Published on February 3, 2011
Jim Massie began volunteering with the Prevent Cancer Foundation because it was the right thing to do. He never would have predicted that the experience would give him the awareness he needed to save his own life.
Eight years ago, Jim and his wife, Camille, were key volunteers for the Hope Street Kids “Swinging for Caroline” annual golf and tennis benefit, the primary fundraiser for one of the Foundation’s children’s initiatives. He sat on the executive committee to advise on financial issues, and she co-chaired the event.
The connection to the Foundation was important to Jim. His mother had died of brain cancer — so he knew how quickly one’s health could take a turn for the worse. Those losses, combined with the responsibility he felt toward his wife and three young daughters, made him keenly aware of his need to take care of himself.
Two years ago, just like clockwork, Jim went to his doctor for a routine annual physical. And she didn’t like what she saw. “There was an uptick in my PSA,” he said, referring to the prostate-specific antigen test that can detect the presence of prostate cancer cells. “She said, ‘It’s time to take a closer look.’ ” The diagnosis? Prostate cancer.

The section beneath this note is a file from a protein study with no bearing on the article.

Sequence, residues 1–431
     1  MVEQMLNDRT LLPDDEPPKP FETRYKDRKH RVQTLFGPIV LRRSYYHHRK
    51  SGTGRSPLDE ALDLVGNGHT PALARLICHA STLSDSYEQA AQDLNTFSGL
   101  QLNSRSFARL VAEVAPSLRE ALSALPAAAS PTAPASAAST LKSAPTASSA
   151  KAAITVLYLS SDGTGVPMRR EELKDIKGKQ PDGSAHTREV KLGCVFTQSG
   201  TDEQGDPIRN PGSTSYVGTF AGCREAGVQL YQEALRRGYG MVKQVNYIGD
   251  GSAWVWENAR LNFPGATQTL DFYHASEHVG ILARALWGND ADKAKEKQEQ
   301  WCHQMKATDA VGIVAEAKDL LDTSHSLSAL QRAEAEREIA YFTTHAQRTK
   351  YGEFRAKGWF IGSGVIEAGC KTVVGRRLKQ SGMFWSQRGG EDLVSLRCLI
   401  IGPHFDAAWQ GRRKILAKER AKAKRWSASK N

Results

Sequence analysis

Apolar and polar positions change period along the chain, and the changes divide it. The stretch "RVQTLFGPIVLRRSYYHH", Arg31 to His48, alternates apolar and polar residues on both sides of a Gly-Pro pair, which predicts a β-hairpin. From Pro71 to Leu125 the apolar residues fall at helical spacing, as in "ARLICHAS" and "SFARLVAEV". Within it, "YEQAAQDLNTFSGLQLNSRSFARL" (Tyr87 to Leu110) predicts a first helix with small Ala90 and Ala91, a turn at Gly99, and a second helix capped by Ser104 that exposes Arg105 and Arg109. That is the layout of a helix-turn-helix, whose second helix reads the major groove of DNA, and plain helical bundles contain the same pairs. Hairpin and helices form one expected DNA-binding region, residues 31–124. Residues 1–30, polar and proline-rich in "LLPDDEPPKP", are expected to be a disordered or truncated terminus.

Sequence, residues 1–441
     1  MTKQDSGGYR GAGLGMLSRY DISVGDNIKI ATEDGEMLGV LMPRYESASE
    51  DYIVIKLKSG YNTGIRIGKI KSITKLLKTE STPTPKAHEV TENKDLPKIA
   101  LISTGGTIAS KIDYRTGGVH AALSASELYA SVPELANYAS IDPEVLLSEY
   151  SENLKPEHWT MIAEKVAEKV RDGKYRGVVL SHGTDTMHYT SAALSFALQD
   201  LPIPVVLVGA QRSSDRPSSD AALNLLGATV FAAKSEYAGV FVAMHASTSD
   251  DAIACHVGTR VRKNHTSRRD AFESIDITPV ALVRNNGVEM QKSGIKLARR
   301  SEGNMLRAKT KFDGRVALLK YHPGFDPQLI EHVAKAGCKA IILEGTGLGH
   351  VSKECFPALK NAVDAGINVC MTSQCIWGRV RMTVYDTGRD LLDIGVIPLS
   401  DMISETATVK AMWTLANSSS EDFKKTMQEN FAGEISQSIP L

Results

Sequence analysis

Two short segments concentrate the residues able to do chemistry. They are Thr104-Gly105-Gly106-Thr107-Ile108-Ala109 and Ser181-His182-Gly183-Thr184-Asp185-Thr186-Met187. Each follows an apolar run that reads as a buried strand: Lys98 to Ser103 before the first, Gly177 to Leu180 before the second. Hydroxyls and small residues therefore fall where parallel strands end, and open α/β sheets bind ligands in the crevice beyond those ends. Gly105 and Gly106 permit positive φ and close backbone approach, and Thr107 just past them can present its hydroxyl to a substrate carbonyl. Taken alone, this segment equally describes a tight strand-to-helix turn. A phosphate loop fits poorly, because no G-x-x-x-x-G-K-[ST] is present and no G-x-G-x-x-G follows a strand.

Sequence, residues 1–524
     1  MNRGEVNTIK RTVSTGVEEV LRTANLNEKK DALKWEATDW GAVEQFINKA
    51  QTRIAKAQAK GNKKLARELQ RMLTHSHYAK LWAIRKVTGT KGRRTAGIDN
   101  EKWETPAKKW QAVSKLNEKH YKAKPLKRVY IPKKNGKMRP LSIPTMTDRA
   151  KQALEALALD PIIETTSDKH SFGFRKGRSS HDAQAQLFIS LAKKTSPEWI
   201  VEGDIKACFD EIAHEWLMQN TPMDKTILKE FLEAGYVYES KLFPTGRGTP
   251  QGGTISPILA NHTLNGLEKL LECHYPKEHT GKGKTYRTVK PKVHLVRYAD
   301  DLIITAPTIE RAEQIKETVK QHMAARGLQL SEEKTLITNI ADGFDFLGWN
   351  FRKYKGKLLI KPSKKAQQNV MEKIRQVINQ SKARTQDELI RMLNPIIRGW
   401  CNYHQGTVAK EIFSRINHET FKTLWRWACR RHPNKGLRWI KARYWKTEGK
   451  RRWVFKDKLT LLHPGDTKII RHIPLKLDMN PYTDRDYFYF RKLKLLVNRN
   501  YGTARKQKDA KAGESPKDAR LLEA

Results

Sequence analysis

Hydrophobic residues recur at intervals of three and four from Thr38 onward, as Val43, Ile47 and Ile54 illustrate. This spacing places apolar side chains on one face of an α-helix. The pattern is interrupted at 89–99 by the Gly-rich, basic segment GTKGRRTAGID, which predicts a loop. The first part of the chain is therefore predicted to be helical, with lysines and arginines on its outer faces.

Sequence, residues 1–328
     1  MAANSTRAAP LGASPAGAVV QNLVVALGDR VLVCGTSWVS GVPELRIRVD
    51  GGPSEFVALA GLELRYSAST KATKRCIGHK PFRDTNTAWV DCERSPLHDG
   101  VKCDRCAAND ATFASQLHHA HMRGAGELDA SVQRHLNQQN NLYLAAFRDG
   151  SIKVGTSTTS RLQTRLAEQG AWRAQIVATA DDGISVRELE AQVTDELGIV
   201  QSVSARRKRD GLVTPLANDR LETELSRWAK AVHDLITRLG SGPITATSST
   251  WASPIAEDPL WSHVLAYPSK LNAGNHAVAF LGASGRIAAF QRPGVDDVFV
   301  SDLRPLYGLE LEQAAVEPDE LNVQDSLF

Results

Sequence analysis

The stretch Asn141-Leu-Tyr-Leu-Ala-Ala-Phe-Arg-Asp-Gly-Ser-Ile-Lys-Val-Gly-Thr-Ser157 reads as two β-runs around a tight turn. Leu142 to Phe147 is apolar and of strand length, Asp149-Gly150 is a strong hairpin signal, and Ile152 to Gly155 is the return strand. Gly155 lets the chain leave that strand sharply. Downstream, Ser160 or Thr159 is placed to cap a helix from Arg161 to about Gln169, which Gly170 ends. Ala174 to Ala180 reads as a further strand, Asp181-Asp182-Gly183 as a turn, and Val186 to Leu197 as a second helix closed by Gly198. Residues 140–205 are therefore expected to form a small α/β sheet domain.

After retreating to the comfort of his family while dealing with the shock, he began to learn as much as he could, asking friends and colleagues for information. For almost two months he collected a list of medical opinions — a process which convinced him that he had options. He decided to go after the cancer aggressively.
“It’s important to develop a strategy and figure out what you’re most comfortable with,” he said. “I was really blessed to have a loving wife who was right there with me through all of it. You learn to appreciate even more each day that God gives you.”
Now, two years later, at age 52, Jim is disease free — but he still keeps every regular appointment as he continues his recovery. He’s not taking anything for granted. “The best advice I could give anyone would be to get engaged in your own health and be your own advocate,” he says. “And if, God forbid, something does happen, do your research. Take a deep breath. Don’t hit the panic button. Make sure you’re making good decisions.”